Recently, several users reported an issue on their Windows 10 computers where the taskbar is not visible when they tried to connect to a computer via Remote Desktop Protocol or RDP. The Remote Desktop Connection feature uses the RDP which allows users to access a computer remotely. This is actually different from the taskbar being hidden automatically until the pointer hovers on it since, in this scenario, the taskbar is completely not accessible which makes using the remote computer entirely difficult, if not impossible. There are several suggestions you can check out to resolve this problem, you can try to restart the process of Windows Explorer via Task Manager or you could clear the cache for multiple processes. You could also try to reinstall the Shell Experience components or show the local taskbar in the Remote desktop. Moreover, you could also try to update, uninstall or roll back the display driver/graphics card driver. For more details, refer to each one of the options given below.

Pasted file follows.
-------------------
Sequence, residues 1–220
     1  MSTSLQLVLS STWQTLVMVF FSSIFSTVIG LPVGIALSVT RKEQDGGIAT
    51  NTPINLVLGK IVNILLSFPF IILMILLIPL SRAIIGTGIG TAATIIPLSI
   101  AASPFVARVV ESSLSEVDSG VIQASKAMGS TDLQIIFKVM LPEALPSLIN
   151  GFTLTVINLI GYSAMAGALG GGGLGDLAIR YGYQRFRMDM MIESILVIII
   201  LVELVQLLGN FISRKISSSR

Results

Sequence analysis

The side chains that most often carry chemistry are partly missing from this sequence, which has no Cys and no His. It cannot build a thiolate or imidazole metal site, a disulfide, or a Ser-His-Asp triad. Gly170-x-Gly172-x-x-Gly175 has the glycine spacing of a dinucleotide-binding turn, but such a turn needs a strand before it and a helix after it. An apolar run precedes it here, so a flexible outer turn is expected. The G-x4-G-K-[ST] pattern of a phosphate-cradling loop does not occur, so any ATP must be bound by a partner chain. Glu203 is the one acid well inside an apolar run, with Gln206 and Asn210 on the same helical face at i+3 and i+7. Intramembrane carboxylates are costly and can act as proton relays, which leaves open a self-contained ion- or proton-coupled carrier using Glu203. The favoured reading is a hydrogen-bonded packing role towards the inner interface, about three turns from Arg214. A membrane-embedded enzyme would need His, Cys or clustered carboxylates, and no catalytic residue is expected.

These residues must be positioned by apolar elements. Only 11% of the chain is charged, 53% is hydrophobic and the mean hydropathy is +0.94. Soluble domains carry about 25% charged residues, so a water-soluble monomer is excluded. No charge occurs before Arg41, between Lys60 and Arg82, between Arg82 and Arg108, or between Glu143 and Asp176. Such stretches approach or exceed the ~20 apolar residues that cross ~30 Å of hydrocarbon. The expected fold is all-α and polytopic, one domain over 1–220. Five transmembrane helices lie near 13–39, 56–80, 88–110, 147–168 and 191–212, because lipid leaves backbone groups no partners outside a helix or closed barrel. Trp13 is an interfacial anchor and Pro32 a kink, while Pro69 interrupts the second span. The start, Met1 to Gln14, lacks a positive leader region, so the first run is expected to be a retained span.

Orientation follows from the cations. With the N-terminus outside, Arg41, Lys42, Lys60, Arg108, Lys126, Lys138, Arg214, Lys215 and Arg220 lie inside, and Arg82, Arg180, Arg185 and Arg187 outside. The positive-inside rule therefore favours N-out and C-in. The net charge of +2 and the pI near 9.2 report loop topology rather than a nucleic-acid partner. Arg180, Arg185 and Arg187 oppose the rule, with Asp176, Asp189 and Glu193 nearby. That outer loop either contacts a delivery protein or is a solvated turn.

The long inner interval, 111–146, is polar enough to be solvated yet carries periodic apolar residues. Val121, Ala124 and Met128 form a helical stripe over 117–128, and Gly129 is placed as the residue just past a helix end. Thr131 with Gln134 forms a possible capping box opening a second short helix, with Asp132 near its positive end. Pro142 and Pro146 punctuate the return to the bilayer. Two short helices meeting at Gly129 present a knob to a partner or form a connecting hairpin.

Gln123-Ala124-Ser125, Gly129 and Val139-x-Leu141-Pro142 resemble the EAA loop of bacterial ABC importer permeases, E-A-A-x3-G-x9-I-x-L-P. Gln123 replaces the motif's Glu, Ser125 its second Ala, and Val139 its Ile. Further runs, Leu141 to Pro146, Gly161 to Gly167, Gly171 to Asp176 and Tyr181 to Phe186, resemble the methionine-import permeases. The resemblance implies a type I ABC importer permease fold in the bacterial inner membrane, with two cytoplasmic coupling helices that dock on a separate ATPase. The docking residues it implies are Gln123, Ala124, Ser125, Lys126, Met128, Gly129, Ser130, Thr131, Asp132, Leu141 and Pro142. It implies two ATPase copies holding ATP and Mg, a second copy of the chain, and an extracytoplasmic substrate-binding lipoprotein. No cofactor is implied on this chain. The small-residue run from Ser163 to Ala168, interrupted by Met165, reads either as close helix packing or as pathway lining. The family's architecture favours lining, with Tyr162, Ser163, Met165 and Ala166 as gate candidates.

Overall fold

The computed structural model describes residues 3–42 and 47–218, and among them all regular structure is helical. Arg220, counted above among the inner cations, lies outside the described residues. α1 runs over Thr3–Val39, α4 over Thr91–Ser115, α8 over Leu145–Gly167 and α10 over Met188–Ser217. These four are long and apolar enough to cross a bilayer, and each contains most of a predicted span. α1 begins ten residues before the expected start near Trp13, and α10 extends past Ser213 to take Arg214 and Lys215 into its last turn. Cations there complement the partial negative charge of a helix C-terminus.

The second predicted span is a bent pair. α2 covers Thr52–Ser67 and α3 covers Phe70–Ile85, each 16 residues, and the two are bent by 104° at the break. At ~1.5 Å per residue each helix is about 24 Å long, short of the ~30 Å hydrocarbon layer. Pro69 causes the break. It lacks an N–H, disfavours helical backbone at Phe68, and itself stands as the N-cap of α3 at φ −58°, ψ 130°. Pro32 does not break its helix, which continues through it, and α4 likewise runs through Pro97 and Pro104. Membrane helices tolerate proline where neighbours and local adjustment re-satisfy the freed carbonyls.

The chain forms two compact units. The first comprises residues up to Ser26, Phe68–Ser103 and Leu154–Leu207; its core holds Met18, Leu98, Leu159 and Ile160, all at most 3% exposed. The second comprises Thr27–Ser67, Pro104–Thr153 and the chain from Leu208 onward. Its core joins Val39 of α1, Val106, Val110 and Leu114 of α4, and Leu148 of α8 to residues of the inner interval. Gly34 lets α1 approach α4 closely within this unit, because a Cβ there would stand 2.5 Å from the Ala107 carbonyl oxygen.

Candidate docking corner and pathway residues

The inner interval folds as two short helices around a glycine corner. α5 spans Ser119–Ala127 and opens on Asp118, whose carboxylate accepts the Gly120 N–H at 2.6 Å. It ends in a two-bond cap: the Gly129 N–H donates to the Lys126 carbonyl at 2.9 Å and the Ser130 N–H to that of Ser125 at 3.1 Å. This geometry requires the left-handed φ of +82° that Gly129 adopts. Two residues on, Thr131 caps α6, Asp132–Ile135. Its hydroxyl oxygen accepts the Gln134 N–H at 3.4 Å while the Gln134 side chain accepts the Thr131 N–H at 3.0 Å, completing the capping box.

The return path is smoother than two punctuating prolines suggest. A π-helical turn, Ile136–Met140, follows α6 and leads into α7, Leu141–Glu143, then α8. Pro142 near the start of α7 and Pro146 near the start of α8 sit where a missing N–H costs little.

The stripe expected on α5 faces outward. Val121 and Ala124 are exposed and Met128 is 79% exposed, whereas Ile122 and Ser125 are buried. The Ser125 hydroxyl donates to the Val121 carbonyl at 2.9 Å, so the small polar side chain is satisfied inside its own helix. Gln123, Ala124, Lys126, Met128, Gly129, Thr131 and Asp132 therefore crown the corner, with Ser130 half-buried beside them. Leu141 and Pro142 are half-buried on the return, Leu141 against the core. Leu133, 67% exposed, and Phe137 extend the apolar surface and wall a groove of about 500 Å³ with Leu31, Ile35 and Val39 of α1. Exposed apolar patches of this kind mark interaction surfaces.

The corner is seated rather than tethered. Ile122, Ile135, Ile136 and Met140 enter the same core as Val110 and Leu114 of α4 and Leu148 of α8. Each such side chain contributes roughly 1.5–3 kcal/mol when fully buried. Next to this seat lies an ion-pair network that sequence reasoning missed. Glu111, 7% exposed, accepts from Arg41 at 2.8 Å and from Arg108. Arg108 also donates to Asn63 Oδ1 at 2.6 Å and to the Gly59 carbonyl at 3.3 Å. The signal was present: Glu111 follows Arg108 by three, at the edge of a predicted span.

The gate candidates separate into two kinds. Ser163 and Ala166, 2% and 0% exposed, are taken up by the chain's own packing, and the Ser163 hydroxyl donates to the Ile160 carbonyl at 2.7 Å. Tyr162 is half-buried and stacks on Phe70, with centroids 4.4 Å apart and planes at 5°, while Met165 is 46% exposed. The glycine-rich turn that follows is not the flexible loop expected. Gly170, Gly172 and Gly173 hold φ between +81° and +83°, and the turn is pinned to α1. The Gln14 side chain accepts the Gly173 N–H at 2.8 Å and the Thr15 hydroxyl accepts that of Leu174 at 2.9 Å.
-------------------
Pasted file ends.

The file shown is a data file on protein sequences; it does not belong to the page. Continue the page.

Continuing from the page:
Option 1 – Try to restart the Windows Explorer process

The first option you have to try to fix the problem with the taskbar is to simply restart the Windows Explorer process in the Task Manager.
  • Tap the Ctrl + Shift + Esc keys to open the Task Manager.
  • Next, go to the Processes tab and find the process of Windows Explorer.
  • Once you find it, right-click on it and select Restart to restart its process.
  • After that, restart your computer and see if you can now see the Taskbar.

Option 2 – Try clearing the cache of multiple processes

The next thing you can do to resolve the problem is to clear the cache of many processes in your computer. To do so, follow these steps:
  • Open the Notepad app and paste the following content in the text area:
@echo off taskkill /f /im explorer.exe taskkill /f /im shellexperiencehost.exe timeout /t 3 /NOBREAK > nul del %localappdata%PackagesMicrosoft.Windows.ShellExperienceHost_cw5n1h2txyewyTempState* /q timeout /t 2 /NOBREAK > nul start explorer @echo on
  • After that, tap the Ctrl + S keys to save the changes you’ve made in Notepad and select the “All files” as its file type, and then name it “CacheClearTWC.bat”.
  • Next, go to the location where you saved the file using File Explorer and then run it. This will run a couple of batch scripts which will clear the cache of multiple processes in the system.